MORALITY AND SITUATION ETHICS Dietrich and Alice Von Hildebrand
Chapter IV: Letter And Spirit
In previous chapters, we referred several times to the antithesis of letter and spirit. It is necessary to analyze these notions more minutely. It is especially important to consider when and where, in relation to moral commandments, a distinction between letter and spirit can be made. Before discussing this problem, however, we must distinguish various meanings of letter and spirit.
We must first distinguish three formally different meanings. According to the first, the term “abiding by the letter” designates a failure to distinguish the essential from the nonessential in propositions, moral commandments, or precepts. Thus, in abiding by the letter, one clings to a mere formulation, to something accidental and exterior. This can be for very different motives, as we shall see later on, but the result is always the same—mistaking the surface for the content. “Spirit” here means the real meaning of the proposition or commandment, its essence and true intention.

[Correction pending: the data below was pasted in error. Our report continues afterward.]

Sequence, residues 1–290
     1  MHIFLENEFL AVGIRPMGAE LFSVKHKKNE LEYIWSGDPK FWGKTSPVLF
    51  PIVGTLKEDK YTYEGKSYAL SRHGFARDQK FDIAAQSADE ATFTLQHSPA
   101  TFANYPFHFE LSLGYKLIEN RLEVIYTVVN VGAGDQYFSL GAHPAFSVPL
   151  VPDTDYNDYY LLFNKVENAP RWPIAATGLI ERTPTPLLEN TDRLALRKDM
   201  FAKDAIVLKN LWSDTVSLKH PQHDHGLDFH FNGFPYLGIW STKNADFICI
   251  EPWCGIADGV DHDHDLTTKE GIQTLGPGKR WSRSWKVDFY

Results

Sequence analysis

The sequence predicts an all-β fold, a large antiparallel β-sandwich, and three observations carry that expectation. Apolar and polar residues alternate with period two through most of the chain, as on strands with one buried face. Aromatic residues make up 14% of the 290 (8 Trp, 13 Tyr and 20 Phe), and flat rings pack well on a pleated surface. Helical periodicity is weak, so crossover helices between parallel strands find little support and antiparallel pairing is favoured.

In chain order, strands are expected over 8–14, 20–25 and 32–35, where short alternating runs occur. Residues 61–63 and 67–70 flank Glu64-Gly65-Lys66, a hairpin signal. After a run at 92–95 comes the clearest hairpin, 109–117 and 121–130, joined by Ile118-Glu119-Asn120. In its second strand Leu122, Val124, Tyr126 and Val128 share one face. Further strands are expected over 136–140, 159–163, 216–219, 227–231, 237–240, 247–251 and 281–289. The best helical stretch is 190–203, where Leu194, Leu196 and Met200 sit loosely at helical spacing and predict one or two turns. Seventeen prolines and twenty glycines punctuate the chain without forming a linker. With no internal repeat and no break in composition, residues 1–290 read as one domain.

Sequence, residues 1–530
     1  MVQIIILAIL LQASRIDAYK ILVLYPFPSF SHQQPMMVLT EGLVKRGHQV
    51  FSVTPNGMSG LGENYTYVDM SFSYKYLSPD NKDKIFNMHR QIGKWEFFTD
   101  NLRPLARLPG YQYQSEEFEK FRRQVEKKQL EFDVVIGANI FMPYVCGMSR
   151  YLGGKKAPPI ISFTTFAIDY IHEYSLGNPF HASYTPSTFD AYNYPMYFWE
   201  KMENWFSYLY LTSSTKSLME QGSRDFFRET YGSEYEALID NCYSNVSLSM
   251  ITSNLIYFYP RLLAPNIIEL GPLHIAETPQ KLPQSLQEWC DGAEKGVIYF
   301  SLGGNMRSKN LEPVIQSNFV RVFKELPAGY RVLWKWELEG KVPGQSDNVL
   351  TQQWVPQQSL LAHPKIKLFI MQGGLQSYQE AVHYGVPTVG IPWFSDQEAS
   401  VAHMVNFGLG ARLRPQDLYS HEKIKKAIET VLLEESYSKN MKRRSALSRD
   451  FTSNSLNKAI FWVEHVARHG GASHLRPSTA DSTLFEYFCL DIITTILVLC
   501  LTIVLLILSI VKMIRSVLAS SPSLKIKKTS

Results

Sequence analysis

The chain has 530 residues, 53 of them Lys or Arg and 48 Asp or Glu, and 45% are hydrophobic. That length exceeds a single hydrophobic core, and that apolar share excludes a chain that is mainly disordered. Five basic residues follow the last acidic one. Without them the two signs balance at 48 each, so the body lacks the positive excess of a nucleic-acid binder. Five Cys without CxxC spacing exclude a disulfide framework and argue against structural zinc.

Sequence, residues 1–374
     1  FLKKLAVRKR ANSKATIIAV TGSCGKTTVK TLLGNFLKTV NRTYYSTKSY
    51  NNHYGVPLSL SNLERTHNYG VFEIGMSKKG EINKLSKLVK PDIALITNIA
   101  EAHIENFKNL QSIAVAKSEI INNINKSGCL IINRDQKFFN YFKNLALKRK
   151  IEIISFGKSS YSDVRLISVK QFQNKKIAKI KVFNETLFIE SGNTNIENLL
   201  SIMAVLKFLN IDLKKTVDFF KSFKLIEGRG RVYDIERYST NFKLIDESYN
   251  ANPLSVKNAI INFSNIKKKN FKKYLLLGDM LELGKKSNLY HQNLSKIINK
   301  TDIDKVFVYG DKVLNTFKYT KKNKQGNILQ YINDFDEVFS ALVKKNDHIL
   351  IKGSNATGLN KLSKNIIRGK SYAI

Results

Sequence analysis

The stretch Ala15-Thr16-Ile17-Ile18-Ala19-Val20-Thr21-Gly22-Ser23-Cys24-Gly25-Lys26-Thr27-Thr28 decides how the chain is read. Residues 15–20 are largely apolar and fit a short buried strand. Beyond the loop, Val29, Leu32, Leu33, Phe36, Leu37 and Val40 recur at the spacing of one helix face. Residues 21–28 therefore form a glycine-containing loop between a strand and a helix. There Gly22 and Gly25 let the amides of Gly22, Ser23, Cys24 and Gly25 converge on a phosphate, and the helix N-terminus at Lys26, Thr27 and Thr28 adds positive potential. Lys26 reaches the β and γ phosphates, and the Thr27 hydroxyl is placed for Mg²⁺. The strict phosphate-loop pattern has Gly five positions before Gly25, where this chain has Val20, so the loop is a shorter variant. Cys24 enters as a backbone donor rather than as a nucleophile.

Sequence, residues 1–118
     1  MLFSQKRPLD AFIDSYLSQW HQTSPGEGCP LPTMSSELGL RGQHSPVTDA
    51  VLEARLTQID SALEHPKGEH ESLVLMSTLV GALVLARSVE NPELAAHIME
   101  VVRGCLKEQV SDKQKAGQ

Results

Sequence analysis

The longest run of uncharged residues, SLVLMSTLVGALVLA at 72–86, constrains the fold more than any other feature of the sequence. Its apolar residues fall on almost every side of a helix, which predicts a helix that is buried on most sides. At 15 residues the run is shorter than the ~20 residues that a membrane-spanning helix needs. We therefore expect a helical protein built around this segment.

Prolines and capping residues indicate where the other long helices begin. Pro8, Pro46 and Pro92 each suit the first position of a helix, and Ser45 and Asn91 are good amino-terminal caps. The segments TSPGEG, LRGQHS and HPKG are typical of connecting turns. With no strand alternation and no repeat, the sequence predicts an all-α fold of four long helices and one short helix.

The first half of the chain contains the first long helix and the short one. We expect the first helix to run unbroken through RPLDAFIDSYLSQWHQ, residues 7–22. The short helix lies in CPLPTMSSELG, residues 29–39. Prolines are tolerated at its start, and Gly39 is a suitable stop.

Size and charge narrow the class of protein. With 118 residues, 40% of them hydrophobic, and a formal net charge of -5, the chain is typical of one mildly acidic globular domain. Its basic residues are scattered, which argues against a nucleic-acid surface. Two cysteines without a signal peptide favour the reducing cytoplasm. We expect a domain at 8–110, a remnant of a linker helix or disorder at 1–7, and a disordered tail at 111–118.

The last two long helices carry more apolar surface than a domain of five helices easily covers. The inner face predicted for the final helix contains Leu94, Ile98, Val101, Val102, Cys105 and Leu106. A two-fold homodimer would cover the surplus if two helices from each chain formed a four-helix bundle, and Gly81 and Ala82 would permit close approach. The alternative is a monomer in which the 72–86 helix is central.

By “letter” one sometimes refers to actions, and by “spirit,” in the same context, to the underlying motive. A man who abstains from fornication because he is a misogynist, or gives money to the poor merely in order to make an impression, observes the letter of the commandment but fails to fulfill its spirit. Such a discrepancy of “letter” and “spirit” (in this second sense) is, as we know, quite common. Here, abiding by the letter assumes the character of a mere abstention or of acting in conformity with the commandment but without the moral motive and intention.